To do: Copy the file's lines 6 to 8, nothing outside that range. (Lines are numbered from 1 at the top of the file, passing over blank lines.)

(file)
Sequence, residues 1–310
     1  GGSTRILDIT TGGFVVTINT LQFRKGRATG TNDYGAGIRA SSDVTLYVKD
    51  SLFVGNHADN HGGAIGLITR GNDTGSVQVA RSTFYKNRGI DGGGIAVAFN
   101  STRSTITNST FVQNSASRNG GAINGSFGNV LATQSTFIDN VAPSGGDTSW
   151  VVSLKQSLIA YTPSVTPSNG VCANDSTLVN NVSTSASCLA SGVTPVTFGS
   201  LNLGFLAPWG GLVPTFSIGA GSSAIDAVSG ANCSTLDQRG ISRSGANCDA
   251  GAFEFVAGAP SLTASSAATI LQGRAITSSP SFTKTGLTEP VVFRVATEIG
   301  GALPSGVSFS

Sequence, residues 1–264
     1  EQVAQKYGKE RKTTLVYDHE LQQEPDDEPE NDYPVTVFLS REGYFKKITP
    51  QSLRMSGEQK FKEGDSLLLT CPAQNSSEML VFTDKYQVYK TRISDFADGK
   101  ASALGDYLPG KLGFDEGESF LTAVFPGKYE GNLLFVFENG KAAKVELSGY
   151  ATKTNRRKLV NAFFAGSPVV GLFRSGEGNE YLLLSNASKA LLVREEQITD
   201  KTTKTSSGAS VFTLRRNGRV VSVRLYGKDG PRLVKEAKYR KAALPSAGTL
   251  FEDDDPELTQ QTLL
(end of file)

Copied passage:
   201  LNLGFLAPWG GLVPTFSIGA GSSAIDAVSG ANCSTLDQRG ISRSGANCDA
   251  GAFEFVAGAP SLTASSAATI LQGRAITSSP SFTKTGLTEP VVFRVATEIG
   301  GALPSGVSFS